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Saturday, April 22, 2006

Three Earth Day questions

The wife and child have been away a couple days visiting Gramma and Grandpa. I've been doing the bachelor thing for the last two days. So this morning, while I de-bach the house, I was hoping, on this 26th anniversary of Earth Day, that you would be willing to answer these three questions. I'm particularly interested in opinions from outside the United States, but don't let that discourage you Americans from replying. My answers will be in the response area.

1. How do you celebrate Earth Day, if you do? Did you used to? Was it an enforced thing, such as a school project?

2. Can what the individual does matter environmentally, or does industrial disease leading to global warming make the effort pointless and hopeless?

3. Who are your environmental heroes?
Earth Day Piques Interest in Environment-Related Searches. Shocking!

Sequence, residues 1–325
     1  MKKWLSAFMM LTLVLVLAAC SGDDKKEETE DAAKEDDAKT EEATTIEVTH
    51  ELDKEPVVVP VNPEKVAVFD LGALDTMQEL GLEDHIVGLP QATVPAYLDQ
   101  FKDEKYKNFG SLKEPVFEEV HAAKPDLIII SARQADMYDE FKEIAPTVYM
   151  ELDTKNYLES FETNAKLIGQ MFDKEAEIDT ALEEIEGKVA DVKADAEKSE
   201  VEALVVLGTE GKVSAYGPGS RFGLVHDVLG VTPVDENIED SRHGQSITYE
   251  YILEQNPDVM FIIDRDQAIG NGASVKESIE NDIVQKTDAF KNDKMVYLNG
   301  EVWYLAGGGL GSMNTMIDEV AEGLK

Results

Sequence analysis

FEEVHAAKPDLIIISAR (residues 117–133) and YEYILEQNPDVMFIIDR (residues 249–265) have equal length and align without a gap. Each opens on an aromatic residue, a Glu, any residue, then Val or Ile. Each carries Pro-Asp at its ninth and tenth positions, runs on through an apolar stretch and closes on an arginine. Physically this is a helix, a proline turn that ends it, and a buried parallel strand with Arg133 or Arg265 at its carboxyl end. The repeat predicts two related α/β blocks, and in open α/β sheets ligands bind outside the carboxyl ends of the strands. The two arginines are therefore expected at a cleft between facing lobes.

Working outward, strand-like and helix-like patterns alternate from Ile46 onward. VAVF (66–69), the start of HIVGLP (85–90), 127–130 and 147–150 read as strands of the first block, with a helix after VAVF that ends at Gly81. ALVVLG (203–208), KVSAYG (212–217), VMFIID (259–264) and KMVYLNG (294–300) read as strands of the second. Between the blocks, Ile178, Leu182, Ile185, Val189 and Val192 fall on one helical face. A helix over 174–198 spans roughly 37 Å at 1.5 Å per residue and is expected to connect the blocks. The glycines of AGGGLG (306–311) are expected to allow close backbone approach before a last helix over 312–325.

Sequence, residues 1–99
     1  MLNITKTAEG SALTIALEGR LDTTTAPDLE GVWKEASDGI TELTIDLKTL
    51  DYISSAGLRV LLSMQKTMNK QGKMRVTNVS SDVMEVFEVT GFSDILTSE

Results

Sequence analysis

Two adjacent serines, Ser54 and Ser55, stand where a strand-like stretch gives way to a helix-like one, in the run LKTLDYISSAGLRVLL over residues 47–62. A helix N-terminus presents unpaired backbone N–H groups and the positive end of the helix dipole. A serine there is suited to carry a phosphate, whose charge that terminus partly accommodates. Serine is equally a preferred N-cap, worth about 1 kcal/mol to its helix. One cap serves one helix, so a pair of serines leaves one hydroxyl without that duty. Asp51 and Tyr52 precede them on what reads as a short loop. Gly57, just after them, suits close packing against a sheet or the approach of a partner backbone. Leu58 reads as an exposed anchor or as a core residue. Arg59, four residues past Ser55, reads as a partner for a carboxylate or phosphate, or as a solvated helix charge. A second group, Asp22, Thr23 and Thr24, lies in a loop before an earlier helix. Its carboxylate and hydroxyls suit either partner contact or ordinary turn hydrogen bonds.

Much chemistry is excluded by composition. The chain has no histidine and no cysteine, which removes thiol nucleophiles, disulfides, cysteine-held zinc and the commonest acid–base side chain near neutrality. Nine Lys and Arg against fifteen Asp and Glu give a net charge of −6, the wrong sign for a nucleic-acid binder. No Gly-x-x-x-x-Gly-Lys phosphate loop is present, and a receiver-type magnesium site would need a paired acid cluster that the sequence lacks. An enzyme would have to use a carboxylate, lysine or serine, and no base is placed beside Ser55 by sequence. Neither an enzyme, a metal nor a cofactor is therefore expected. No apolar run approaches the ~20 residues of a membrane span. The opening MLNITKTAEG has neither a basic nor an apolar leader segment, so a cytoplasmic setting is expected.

If you like the Beatles, but aren't that fond of Rummy and his boss, this may interest you. Requires sound. Courtesy of Socks.
Happy two to the fifth power, Kelly! You have to admit that, since you married Lefty, that makes you a tiny bit weird. But in a good way. Keep inappropriate items off his head, please.
Ken Jennings speaks!. Courtesy of LM. Ken Jennings will be in a special Monday sesquicentennial post, quite coincidentally.
Yesterday, Fred did his best Grantland Rice impression. Or at least Roger Angell. This is a good thing.
A list of animal adjectives. Who knew turdine was a real word?

1 comment:

Roger Owen Green said...

1. I still look for that unsavory trash and put it in the garbage, around my neighborhood.

2. Yes.
Yes, what we do matters, and yes, it may not be enough, but that's no reason to stop trying.

3. Initially, Rachel Carson ( who wrote Silent Spring. Barry Commoner, who wrote The Closing Circle, and who I voted for for President in 1980. Jonathan Schell, whose The Fate of the Earth I read heavily in the 1980s. I'll give pprops to Al Gore, who would have been miles better on this topic than the guy who "beat" him in 2000. Finally, more in retrospect, Richard Nixon, who started the EPA, and at least was trying, unlike some of his successors.